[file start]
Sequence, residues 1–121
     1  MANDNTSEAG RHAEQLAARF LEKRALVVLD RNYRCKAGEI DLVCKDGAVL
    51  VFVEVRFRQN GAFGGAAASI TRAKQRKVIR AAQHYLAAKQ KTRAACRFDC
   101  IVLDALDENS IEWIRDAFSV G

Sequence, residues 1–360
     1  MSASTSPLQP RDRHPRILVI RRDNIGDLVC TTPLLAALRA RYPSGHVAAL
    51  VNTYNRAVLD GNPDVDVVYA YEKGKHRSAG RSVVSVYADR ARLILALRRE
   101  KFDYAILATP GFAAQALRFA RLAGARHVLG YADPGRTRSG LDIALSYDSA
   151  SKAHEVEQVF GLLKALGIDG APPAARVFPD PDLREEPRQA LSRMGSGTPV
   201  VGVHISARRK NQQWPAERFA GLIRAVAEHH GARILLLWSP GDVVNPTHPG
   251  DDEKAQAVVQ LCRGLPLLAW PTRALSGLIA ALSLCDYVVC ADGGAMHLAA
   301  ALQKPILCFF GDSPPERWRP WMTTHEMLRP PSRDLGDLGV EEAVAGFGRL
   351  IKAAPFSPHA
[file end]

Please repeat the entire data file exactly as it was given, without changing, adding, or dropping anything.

Sequence, residues 1–121
     1  MANDNTSEAG RHAEQLAARF LEKRALVVLD RNYRCKAGEI DLVCKDGAVL
    51  VFVEVRFRQN GAFGGAAASI TRAKQRKVIR AAQHYLAAKQ KTRAACRFDC
   101  IVLDALDENS IEWIRDAFSV G

Sequence, residues 1–360
     1  MSASTSPLQP RDRHPRILVI RRDNIGDLVC TTPLLAALRA RYPSGHVAAL
    51  VNTYNRAVLD GNPDVDVVYA YEKGKHRSAG RSVVSVYADR ARLILALRRE
   101  KFDYAILATP GFAAQALRFA RLAGARHVLG YADPGRTRSG LDIALSYDSA
   151  SKAHEVEQVF GLLKALGIDG APPAARVFPD PDLREEPRQA LSRMGSGTPV
   201  VGVHISARRK NQQWPAERFA GLIRAVAEHH GARILLLWSP GDVVNPTHPG
   251  DDEKAQAVVQ LCRGLPLLAW PTRALSGLIA ALSLCDYVVC ADGGAMHLAA
   301  ALQKPILCFF GDSPPERWRP WMTTHEMLRP PSRDLGDLGV EEAVAGFGRL
   351  IKAAPFSPHA